God’s people don’t just identify with Christ, they share the undeserved love they have received in Jesus Christ. Paul prayed, and we do too, that God would keep filling us up with his love, covering over our own sins, spilling into our lives, pooling around us everywhere. The intended audience is “for each other” in the family of God and for everyone else too. That’s a lot of love for a lot of people. Helpful in doing that then is the purpose. In vv.12-13 it sounds like two wishes from Paul – “may God do this” and “may God do that” – but really it’s one purpose. It says, literally, “May the Lord make your love increase and overflow for each other and for everyone else…for the strengthening of your hearts”. The purpose of God’s love, overflowing in our lives in love for all the people around us – is to give support and strength to the faith-lives around us. Like if you plant a garden with tomatoes, you’ll supply some kind of support so that they can grow big and healthy. So also with our brothers and sisters here. Our love for them is meant to be of the kind that props them up, that helps them grow, that makes them strong. Paul’s has modeled it already for us: like how there’s no better regular and ready word of encouragement from you for your brothers and sisters than the Word of God and our shared confidence in Jesus Christ for forgiveness and peace; or like when you recognize what is lacking in the faith of a family member here (some sin, some misunderstanding) and you encourage them letting your love cover things over (your kindness, your gentleness, your self-control) by dealing gently with them until you can determine how to firm up this weakness; or like when you pray for those around you – pray for our congregation generally, for your friends specifically, for the new people you meet – pray that their faiths be strengthened, that their lives abound in love, that they know you love them and Jesus loves them. As God’s people share their love, God’s people feel at home.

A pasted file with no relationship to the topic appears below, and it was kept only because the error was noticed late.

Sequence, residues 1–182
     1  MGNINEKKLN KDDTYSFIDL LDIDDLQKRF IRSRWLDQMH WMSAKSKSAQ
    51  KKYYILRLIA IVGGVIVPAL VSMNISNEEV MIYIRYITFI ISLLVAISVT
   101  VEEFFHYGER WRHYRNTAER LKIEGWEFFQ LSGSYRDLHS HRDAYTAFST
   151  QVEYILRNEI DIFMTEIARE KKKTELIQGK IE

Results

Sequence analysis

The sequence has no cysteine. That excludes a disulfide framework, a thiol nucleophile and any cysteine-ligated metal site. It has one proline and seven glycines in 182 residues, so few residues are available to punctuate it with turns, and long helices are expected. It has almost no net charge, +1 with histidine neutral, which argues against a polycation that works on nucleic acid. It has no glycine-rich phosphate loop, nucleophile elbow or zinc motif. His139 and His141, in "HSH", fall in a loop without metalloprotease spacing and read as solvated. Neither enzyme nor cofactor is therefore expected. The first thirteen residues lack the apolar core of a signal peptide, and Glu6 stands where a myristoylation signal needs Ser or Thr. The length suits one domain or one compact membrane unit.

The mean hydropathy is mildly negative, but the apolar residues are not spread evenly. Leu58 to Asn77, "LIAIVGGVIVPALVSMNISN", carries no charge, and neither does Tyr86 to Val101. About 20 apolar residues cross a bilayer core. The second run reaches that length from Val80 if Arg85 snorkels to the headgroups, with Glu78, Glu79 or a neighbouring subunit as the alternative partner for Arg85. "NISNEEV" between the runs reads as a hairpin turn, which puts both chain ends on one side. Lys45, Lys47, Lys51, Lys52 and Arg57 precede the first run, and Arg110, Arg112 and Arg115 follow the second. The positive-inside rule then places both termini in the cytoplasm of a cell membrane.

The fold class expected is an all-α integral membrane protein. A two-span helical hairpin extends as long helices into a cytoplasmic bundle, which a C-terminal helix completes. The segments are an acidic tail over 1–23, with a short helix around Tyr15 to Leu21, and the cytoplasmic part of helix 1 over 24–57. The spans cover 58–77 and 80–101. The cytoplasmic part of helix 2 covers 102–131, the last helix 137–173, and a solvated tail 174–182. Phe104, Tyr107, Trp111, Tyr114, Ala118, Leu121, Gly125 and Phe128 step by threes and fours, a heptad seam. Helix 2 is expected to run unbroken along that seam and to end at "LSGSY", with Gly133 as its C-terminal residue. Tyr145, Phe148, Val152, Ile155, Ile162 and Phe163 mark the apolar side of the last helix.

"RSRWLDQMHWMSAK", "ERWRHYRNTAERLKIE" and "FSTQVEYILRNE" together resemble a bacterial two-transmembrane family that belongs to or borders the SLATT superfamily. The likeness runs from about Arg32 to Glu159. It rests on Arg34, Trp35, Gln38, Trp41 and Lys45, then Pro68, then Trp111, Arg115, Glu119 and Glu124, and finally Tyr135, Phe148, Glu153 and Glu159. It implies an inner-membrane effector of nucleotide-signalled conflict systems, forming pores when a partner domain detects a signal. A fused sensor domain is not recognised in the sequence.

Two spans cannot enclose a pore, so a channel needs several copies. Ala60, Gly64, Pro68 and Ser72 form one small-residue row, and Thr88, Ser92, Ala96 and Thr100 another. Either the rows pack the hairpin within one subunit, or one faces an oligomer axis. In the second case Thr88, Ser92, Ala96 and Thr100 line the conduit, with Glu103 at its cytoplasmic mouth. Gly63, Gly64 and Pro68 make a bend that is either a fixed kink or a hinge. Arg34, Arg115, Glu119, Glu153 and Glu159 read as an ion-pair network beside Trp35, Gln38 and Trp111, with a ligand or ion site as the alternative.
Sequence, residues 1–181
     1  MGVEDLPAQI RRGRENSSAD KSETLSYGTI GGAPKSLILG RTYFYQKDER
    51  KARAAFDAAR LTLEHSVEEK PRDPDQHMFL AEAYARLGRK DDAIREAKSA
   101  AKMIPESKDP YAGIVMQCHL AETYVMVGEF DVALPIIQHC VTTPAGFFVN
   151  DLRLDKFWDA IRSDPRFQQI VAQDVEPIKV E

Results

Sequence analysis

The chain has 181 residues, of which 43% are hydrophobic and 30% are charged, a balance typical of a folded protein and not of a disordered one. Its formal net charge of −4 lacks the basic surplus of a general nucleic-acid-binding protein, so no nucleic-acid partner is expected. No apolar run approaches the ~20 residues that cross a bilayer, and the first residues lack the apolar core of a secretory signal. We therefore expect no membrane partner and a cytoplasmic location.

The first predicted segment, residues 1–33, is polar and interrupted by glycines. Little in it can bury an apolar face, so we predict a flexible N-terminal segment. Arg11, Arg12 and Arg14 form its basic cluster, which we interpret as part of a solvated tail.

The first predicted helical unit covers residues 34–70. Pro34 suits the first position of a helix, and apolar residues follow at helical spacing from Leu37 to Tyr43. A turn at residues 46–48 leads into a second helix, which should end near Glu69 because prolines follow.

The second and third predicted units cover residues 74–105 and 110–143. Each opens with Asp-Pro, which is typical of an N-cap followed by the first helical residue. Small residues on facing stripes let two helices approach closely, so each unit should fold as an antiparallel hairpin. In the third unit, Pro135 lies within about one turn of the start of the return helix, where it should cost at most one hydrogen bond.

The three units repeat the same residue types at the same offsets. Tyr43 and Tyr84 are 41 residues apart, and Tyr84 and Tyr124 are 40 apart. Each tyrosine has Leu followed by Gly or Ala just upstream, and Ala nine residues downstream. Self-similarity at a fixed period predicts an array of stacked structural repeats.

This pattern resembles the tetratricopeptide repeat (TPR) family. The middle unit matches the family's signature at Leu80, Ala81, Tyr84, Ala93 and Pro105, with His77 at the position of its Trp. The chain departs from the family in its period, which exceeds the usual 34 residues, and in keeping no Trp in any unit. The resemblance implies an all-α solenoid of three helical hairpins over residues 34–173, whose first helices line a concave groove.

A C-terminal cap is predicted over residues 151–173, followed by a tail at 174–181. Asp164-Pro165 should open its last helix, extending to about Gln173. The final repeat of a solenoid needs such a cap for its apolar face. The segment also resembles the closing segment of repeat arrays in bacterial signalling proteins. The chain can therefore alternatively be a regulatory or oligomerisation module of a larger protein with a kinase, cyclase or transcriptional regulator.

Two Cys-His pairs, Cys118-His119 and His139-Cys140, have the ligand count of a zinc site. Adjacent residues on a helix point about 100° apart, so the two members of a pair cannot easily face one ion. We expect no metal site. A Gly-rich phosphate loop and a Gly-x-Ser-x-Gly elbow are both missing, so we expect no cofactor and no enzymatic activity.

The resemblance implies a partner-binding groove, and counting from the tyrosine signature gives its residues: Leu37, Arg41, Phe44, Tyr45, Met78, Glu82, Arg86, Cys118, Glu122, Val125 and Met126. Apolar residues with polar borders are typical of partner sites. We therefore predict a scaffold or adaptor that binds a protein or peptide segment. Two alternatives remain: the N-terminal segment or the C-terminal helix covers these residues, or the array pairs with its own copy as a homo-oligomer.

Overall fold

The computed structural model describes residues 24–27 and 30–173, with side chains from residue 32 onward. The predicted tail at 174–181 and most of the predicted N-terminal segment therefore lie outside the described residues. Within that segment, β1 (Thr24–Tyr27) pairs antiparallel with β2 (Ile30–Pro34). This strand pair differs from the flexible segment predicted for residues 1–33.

And even so, maybe you’d still not be ready for another Thanksgiving this Thursday. But that’s okay. The kind of love and joy the family of God receive and freely give is what makes us at home for Christmas or any other time. Here we’re made ready for Jesus’ coming. Paul said our shared love and joy is meant to keep us blameless and holy – that is, ready – living and loving according to God’s will by faith in the forgiveness Jesus Christ provides. Ready for standing in God’s presence when Jesus comes back with all the saints of heaven. Belonging in this family of God assures that even if we belong nowhere else we’ll belong with all of Jesus’ family one day – free from sin, free from fear, in perfect joy. And you can’t give thanks enough for something like that.